Flint councilperson reacts to lead pipe replacement project deadline
After a federal judge gave the city of Flint until August 1st to finish the job of lead pipe replacement, residents await confirmation.
FLINT, Mich. (WJRT) - After a federal judge gave the city of Flint until August 1st to finish the job of lead pipe replacement, residents await confirmation.
6th ward councilwoman Tonya Burns speaks for herself and some residents that they are skeptical of completion.
"I've received calls as early as this morning with a new address on Darrell drive for restoration. I received one on Kent Street this morning about service line replacement, but they received a hang tag," said Burns. "We need to get it done. Nobody should be living with service or lead lines in their homes."
This original deadline required the city to excavate over 31,500 of service lines in residents' homes. Flint agreed to replace all lead pipes by 2020, but repeatedly missed deadlines - blaming delays on the COVID-19 pandemic and supply shortages. A federal judge gave the city until Aug. 1 to get the job done.
"If this was taken care of, it wouldn't be in court. We missed not one deadline, but two, but three," she added.
The city of Flint released a statement,
"As required by the Concerned Pastors for Social Action settlement agreement, City of Flint staff and our project management and construction contractors are reviewing records from all phases of the lead service line replacement project to confirm that all required excavations and replacements are complete as of August 1, 2023."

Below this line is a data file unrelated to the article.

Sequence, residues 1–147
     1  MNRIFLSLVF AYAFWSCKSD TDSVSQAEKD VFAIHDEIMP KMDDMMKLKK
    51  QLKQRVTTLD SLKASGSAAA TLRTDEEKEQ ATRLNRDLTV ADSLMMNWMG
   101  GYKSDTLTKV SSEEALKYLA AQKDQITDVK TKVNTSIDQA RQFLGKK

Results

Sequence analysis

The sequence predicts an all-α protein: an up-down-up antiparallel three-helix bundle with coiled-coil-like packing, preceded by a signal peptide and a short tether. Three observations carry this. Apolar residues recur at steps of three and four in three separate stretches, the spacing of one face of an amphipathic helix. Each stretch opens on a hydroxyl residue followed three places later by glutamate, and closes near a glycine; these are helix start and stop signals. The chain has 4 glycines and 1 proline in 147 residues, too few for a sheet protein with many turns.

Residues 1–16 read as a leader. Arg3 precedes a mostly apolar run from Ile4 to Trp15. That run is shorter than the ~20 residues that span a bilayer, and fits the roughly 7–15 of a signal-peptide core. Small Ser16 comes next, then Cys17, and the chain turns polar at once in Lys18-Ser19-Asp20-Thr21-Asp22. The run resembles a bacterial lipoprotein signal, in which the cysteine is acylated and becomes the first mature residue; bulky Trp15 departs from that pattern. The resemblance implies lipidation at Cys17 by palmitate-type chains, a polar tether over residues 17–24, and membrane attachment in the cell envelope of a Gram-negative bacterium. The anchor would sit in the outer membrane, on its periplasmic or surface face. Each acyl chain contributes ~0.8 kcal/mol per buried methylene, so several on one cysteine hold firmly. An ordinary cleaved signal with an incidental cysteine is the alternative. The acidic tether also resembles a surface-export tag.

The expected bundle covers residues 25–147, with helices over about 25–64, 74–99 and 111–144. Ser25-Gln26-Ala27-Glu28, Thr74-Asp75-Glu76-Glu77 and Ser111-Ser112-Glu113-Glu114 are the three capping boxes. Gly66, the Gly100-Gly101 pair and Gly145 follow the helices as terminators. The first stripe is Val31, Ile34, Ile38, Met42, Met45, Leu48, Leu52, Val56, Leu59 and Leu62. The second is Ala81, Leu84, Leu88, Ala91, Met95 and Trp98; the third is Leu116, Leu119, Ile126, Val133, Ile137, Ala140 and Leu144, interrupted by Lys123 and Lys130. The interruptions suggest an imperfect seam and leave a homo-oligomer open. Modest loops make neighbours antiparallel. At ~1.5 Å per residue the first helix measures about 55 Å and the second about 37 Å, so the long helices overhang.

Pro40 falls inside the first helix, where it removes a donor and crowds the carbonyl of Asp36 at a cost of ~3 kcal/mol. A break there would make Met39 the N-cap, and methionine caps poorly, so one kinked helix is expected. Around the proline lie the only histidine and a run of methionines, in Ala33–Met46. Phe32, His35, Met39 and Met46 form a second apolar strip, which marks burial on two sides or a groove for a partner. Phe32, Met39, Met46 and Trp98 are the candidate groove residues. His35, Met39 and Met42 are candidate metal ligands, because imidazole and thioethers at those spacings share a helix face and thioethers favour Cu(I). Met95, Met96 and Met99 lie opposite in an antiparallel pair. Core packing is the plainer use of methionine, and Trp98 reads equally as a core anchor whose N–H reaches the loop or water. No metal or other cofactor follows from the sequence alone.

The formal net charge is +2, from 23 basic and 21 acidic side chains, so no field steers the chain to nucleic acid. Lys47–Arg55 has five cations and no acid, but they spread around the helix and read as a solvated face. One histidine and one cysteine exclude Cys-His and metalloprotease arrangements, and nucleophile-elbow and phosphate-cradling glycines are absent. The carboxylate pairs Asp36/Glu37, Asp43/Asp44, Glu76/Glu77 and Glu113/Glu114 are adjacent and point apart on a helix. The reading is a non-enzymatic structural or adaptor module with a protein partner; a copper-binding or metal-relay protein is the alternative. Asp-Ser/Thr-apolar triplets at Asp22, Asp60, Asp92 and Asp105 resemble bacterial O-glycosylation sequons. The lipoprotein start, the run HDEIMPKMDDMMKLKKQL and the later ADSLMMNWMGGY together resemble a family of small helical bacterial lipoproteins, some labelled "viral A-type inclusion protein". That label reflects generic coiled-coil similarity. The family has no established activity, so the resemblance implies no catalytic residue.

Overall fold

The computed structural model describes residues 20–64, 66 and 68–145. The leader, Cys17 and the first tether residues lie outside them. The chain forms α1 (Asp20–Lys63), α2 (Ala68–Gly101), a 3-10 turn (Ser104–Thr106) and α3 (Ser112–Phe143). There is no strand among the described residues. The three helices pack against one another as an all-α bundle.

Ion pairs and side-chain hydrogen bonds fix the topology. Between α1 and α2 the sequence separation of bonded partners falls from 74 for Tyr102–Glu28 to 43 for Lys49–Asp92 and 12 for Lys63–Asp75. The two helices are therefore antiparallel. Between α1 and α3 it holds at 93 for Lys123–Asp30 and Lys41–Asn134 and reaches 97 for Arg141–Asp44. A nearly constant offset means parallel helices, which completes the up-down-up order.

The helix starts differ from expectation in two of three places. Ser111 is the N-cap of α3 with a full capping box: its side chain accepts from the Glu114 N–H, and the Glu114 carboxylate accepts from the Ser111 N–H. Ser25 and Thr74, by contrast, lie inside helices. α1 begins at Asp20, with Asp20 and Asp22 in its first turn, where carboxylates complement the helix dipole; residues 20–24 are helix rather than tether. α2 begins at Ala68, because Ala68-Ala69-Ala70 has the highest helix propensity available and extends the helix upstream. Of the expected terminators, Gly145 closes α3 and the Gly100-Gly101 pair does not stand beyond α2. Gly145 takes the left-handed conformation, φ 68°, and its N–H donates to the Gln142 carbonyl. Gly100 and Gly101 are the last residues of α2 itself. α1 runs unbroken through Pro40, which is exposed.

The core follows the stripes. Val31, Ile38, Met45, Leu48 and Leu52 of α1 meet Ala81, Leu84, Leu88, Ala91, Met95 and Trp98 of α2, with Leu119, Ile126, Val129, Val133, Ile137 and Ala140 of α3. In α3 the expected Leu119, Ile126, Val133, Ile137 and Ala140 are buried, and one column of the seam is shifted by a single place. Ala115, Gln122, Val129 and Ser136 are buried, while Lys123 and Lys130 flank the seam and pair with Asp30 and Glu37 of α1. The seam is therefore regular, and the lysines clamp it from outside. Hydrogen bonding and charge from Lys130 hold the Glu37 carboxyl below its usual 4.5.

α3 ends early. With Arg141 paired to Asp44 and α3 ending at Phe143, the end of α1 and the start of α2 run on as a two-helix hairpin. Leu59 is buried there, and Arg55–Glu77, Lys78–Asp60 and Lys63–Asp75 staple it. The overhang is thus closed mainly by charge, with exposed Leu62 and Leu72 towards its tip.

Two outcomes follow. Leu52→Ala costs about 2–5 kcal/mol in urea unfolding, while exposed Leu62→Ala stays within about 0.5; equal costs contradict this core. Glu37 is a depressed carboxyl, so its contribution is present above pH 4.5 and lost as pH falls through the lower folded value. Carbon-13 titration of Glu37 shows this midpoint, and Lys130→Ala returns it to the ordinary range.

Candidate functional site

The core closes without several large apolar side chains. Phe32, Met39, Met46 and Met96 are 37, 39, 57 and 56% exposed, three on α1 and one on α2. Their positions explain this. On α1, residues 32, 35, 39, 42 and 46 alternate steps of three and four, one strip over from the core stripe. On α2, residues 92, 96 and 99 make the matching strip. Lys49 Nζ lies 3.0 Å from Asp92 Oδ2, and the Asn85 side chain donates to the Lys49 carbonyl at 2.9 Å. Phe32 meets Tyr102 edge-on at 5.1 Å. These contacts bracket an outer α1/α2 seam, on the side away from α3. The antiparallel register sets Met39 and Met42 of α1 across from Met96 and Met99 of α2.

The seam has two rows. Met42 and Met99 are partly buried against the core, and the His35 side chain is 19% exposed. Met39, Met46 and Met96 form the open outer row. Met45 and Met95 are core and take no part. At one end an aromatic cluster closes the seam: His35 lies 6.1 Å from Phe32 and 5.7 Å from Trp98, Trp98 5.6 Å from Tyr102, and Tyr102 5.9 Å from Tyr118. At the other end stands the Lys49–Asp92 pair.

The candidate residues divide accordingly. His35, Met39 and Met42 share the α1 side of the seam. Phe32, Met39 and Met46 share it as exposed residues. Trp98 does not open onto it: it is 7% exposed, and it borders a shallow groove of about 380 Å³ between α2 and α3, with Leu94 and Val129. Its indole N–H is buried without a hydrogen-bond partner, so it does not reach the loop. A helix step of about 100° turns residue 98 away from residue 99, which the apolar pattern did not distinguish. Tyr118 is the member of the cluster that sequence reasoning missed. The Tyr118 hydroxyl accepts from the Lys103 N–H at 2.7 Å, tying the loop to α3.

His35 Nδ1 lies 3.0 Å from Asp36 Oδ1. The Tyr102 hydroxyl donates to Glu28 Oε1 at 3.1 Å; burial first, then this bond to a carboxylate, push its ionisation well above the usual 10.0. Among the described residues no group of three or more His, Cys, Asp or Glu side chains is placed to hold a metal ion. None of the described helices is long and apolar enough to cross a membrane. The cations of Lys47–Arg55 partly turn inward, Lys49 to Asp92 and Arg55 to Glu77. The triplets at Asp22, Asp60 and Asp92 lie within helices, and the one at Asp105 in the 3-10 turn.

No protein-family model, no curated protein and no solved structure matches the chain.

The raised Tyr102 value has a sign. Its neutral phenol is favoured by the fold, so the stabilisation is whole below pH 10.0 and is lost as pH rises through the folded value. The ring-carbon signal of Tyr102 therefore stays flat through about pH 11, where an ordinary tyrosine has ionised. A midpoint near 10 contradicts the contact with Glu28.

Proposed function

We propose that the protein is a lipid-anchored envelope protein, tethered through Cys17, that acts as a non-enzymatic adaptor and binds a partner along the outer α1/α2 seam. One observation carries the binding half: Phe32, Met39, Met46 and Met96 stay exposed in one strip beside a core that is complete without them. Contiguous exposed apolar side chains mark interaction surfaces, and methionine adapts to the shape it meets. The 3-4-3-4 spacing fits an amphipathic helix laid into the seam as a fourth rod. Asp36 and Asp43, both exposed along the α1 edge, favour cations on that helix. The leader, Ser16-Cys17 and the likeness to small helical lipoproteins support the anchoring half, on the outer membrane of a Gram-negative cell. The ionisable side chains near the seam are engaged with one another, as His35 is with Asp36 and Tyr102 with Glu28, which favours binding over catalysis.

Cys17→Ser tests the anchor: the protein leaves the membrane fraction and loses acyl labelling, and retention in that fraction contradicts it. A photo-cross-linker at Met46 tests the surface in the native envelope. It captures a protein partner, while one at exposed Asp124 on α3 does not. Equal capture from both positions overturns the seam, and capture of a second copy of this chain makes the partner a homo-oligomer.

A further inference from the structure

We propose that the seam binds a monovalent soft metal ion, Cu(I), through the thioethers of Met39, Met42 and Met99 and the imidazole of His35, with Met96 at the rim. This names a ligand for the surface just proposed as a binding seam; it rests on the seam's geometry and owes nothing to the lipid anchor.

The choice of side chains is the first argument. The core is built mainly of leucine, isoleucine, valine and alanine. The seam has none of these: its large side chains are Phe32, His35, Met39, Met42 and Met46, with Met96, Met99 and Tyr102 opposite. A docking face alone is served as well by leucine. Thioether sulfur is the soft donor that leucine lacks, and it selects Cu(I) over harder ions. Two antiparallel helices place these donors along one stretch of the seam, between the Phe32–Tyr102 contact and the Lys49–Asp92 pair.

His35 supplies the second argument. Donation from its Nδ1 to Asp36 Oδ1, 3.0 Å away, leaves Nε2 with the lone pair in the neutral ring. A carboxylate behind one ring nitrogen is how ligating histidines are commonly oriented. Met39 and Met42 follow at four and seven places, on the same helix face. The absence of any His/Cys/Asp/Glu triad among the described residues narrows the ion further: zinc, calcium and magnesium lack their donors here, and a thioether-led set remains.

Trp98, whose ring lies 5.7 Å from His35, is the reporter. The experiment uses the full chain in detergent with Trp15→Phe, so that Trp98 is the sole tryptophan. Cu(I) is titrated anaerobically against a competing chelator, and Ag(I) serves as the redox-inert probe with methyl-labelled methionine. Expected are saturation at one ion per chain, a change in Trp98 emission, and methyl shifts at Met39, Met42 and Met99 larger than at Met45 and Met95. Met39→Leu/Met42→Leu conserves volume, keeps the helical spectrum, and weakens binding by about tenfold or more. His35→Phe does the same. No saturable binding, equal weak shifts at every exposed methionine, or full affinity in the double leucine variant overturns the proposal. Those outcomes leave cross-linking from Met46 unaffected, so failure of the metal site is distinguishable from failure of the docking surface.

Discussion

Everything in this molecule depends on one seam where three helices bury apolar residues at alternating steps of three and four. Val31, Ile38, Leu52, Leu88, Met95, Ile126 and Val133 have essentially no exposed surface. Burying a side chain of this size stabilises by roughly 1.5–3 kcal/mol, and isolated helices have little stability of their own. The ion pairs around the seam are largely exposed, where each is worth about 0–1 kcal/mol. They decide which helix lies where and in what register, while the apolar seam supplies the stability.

Since 2016, the city has completed more than 28,000 excavations of residential or service lines, identified the composition of those service lines, and replaced more than 10 thousand lead or galvanized lines. The city also released more than 1,000 flint residents declined or failed to cooperate.
While confirmation of those deadline numbers are in review, Burns says the best interest is to make sure residents are at the forefront.
"We need to make sure if we're taking care of the City of Flint, we need to be taking care of the residents. No one should have to at this day and age, have to have service and lead lines that haven't been replaced."
ABC 12 did reach out to the mayor, but he was unavailable to go on-camera for an interview at this time.